No matter how ruthless you become at minimizing and organizing, there will be a few items you can’t let go of, even when you have a digital record of them. You need to touch, smell, and see it in person, or the memory is not there. In some cases, we are not ready to part with some items. Maybe we never will.

I recommend getting a special box for those things. This box should be a beautiful, high-quality box, bin, or basket with a lid or a cover. It will contain those items that are so special to you.

The box should live in a private space like a shelf in your closet, under the bed, or in your home office.

Not Everything Is Warm & Fuzzy Material

You should probably scan or photograph the things that don’t make it to your “Warm & Fuzzy” box to preserve a digital memory. I discuss these processes in my blog “Organizing Kids’ Memories.” When you maintain a digital image, you keep the memory but not the clutter.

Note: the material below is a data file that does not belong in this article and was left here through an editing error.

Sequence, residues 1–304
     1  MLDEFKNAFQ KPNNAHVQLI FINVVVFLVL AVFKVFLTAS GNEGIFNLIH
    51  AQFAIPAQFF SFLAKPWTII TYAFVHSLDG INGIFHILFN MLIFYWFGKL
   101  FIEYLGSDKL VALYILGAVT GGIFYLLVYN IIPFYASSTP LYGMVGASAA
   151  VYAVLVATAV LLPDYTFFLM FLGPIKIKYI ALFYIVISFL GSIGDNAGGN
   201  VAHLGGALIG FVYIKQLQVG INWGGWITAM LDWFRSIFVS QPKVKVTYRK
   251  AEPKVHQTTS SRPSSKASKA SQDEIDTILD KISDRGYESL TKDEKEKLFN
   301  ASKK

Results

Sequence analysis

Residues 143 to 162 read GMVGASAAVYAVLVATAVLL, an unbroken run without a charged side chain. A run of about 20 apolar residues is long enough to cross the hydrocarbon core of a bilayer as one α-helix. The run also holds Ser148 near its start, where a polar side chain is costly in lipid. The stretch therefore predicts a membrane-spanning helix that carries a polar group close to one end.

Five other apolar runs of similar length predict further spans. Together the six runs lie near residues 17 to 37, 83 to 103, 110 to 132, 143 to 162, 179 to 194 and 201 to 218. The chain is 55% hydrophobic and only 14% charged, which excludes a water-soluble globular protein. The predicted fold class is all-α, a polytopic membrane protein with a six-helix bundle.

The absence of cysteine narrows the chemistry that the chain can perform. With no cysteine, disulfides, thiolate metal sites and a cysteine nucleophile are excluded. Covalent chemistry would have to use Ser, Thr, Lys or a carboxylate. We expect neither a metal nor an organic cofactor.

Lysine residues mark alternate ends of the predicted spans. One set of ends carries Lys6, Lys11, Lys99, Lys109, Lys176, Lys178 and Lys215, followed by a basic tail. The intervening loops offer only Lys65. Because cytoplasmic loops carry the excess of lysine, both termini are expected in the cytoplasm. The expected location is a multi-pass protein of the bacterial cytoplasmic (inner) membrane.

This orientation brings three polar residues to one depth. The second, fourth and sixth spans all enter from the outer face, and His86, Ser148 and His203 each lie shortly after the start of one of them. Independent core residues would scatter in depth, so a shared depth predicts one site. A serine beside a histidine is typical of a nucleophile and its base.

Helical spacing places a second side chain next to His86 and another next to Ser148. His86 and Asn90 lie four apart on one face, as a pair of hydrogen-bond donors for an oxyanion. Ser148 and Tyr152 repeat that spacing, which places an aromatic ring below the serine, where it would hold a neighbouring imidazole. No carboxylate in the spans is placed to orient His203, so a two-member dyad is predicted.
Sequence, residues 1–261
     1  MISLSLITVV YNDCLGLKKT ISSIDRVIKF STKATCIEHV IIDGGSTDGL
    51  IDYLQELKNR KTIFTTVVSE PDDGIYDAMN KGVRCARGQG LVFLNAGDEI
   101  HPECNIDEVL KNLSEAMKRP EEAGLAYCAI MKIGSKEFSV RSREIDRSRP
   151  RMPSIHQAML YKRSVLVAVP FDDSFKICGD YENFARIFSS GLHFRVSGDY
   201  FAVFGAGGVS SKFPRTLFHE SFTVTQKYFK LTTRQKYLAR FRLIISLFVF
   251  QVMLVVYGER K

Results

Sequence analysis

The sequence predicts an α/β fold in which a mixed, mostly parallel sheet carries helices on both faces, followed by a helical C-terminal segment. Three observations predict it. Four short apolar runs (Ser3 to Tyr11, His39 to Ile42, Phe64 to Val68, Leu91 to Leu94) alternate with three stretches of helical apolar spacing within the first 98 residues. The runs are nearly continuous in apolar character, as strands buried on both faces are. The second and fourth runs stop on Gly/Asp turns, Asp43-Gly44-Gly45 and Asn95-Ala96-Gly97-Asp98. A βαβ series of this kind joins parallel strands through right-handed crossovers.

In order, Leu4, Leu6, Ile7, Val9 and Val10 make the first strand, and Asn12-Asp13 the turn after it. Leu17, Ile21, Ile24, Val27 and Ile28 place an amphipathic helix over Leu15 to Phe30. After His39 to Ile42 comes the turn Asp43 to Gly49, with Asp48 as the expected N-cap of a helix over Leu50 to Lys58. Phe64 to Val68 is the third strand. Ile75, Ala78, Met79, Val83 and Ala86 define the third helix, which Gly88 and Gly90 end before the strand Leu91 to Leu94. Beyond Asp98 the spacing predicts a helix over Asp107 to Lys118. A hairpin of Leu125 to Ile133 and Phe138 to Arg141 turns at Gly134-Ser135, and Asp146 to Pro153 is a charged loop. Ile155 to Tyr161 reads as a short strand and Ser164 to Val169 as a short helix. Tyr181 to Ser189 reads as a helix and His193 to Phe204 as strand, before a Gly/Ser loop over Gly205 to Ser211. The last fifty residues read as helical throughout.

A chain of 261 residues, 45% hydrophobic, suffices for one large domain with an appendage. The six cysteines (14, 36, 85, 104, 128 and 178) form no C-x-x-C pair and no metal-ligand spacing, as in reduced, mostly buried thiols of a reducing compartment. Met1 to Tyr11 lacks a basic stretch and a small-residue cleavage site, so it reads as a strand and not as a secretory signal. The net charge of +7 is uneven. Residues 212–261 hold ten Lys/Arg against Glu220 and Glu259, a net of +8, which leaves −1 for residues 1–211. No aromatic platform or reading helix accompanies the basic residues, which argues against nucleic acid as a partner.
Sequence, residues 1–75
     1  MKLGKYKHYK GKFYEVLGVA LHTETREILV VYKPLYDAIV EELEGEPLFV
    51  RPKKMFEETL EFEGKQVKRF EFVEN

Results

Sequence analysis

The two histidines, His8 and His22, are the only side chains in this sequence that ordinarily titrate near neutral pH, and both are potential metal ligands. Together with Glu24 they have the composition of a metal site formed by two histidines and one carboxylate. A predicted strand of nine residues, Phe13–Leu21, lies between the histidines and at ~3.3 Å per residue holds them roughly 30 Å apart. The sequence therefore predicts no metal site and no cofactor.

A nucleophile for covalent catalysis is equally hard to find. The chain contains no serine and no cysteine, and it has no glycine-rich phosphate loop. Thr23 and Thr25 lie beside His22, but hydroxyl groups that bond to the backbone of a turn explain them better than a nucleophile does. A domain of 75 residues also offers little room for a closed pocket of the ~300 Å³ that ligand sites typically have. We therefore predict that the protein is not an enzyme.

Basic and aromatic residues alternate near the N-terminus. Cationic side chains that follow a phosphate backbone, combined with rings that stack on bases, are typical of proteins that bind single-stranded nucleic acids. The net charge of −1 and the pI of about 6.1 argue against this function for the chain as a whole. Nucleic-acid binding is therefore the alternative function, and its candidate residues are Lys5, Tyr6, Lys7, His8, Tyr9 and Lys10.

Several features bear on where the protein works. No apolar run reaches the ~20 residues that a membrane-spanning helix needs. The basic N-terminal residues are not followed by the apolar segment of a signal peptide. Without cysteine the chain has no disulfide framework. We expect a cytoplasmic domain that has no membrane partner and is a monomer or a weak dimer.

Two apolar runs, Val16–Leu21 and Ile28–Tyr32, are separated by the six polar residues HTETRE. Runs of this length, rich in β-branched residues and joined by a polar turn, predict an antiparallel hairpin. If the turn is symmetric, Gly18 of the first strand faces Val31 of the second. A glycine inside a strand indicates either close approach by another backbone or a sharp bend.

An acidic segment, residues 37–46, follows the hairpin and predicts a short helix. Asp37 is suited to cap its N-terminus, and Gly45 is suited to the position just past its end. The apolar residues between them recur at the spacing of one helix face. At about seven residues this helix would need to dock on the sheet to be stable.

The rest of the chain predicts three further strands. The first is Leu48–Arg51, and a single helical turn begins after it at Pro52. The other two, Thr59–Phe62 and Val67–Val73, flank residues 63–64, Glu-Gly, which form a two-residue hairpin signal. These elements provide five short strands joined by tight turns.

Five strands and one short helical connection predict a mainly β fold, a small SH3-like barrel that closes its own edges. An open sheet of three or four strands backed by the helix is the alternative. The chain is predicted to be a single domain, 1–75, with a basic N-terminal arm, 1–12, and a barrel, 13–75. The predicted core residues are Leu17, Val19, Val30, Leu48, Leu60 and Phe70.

However, as said before, when dealing with your mementos, you will find a few items for which a digital record would never do. These are the items we are referring to.

Keep a minimal number of treasures in your warm & fuzzy collection. Otherwise, if everything seems important, then nothing is. The moments and memories in our lives are most important, not the things. So, carefully choose the items that best represent your most significant moments in life.

The collection is manageable when you become discriminatory with your “warm & fuzzy” collection. It should be a sampling of happy memories that make you smile, not an overwhelming heap of stuff you’d rather avoid.


Organizing memorabilia refers to managing mementos you keep for their emotional value, but they are dispersed around your home and stowed away in drawers or closets. We want to gather these together and assign them a good home in your life and heart.

Memorabilia items of high monetary value or related to famous people, like sports players, antiques, and the like, should have a place of honor in your home so they are displayed and enjoyed. However, this type of memorabilia is a different story.

Should you have this type of treasure, you need to find a way to incorporate it into your home’s overall concept. Things like shadow boxes and glass displays come to mind.